By the novices of the Shillong novitiate
In India, ‘Sacred Groves’ are forest fragments of varying sizes, which are communally protected and which usually have a significant religious connotation for the protecting community. Hunting and logging are strictly prohibited within these zones. Sacred Groves are considered ecologically important concentrations of biodiversity.
Whereas other Indian regions like e.g. Himachal Pradesh possess over more than 5,000 such Sacred Groves, the state of Meghalaya has only about 50, and these struggling to survive. It was in this context that the Jesuits developed the idea of converting their novitiate in Shillong, the capital of the state of Meghalaya, into a Sacred Grove dedicated to the conservation of biodiversity.
The Jesuit property covers an area of 80 acres; it has a sheer drop of a thousand feet on one side and meandering meadows on the other side. Sholas and pine trees characterize the precincts; a gurgling stream passes through to the reservoir at the bottom of the campus.
Wild elephant-grass and horse-grass grew in between the patches of pine trees that filled up the hills. The proposed bio-reserve had the look of a prairie. Richard Jarain SJ, an engineer in Life Sciences, suggested the planting of indigenous trees in all these patches of land.
Along with the novices, Jarain used some of the open spaces to plant rice, ginger, beans and yams. The soil looked dark and fertile; it had a high content of sand and gravel, which made it softer and easier for plantations like ginger. The irrigation was done with the percolated water that came down from the slopes to form natural ponds.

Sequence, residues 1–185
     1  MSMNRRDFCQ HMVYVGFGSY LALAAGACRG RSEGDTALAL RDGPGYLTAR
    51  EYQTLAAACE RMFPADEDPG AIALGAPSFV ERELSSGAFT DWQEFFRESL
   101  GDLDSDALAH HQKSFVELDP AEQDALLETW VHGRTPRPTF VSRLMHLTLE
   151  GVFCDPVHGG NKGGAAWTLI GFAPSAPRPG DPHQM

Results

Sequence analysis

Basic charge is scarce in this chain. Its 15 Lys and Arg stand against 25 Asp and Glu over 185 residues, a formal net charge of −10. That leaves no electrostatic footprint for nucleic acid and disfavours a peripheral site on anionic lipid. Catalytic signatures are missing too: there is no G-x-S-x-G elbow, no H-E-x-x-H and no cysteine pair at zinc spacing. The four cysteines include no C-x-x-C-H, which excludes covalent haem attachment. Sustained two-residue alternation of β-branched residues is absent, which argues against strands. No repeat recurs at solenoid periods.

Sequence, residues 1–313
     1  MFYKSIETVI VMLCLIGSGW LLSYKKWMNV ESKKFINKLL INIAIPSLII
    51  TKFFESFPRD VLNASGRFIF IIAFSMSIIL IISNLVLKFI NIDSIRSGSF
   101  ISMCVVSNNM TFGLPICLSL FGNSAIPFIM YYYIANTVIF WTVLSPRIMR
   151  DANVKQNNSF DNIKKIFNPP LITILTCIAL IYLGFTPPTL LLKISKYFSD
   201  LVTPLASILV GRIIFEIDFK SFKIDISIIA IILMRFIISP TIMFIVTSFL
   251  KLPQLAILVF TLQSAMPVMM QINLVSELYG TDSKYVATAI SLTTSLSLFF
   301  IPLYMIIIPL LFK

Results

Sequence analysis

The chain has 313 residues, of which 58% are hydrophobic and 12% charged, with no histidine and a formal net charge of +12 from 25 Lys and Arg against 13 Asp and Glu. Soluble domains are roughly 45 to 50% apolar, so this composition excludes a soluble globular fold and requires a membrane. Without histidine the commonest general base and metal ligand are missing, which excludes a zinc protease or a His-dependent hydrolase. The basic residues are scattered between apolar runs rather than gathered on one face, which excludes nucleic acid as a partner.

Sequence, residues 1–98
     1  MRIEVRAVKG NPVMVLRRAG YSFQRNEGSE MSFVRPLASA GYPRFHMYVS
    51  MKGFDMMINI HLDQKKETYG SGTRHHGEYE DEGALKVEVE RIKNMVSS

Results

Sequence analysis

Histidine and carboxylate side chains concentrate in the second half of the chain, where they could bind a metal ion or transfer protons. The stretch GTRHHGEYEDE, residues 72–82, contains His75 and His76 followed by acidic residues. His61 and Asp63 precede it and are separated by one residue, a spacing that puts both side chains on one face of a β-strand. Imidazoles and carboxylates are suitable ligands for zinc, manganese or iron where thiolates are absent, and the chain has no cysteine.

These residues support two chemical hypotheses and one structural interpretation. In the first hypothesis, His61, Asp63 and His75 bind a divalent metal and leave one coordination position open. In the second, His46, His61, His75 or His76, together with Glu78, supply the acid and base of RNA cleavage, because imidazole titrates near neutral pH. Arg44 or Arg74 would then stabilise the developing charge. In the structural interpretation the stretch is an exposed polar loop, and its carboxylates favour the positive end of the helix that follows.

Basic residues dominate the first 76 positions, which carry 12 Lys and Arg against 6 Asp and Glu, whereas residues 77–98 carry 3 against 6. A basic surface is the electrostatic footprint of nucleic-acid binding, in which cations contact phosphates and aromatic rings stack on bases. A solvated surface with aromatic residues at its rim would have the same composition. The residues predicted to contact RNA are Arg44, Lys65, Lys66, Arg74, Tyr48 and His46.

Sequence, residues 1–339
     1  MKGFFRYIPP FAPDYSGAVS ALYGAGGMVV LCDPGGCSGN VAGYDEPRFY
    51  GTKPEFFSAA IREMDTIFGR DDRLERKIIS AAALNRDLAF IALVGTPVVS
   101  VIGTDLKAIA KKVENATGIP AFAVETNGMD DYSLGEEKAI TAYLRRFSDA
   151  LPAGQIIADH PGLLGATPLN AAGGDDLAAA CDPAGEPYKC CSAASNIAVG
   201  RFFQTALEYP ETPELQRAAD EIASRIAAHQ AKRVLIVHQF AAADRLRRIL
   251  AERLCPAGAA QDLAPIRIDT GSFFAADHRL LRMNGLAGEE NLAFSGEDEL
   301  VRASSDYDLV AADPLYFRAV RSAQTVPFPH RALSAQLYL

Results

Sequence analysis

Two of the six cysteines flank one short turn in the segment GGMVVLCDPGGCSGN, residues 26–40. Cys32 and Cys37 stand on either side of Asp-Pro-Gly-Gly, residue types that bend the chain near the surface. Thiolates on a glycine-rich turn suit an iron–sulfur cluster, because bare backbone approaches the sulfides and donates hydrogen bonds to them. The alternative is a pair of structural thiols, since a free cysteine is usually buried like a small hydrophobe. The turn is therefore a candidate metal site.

“A few barrier dams could take care of the water requirements of the sacred grove,” said Charles D’Souza SJ, a veteran with much experience of large plantations. The word “water” meant everything for the people of Meghalaya. Since extreme weather events – possibly harbingers of progressive climate change – have affected the region, the once wettest spot on the planet, Chirapunji, dried up for months during this summer.
It was therefore suggested to lay pipes for 4-5 kilometres to draw water from a nearby mountain top – an idea however, which turned out to be too expensive. It seemed obvious that the solution for water conservation lay right in the property with its catchment ponds and barrier dams.
There were already some small natural fresh water ponds in the property which were home to plenty of frogs. Additionally, some “amoeba ponds”, spread around the natural rock formations on the lower part of the land, were constructed.
What concerned everybody was the forest fires in summer. Each year such fires were started by people who believe that a large amount of smoke would attract the rains. The fires usually consumed the tall grasslands along with the saplings which had naturally sprouted or planted during the torrential rains. There were fire-lines around the property, but anybody could hurl a lit up torch across these fire-breaks into the grasslands.
Jesuits Yan and Richard Jarain formed a persistent partnership in following up their dreams. Twenty-two novices formed a team to construct lanes and paths crisscrossing the pine forest. In addition, the officials of the Forest department were eager to lend a helping hand to plant indigenous trees in the campus.
One essential idea of this bio-reserve was that it should support all life forms. Whether they be birds, jackals or medicinal herbs, the novitiate’s Sacred Grove is a critical moment in the regeneration of the local biodiversity.
The novices formed teams to execute a joint action plan for 2011. One among other measures will be a cleanliness campaign at the picnic site outside the campus. It is furthermore necessary to combat the ongoing forest fires, to collect dry wood, to save water and electricity, to expand the organic garden. Finally, to stop the trapping of animals and birds remain major tasks, apart from planting varieties and naming trees. The Sacred Grove offers duties for every novice – and will also in the future require our attentiveness and stewardship.
This story may also viewed in Tarumitra’s Blog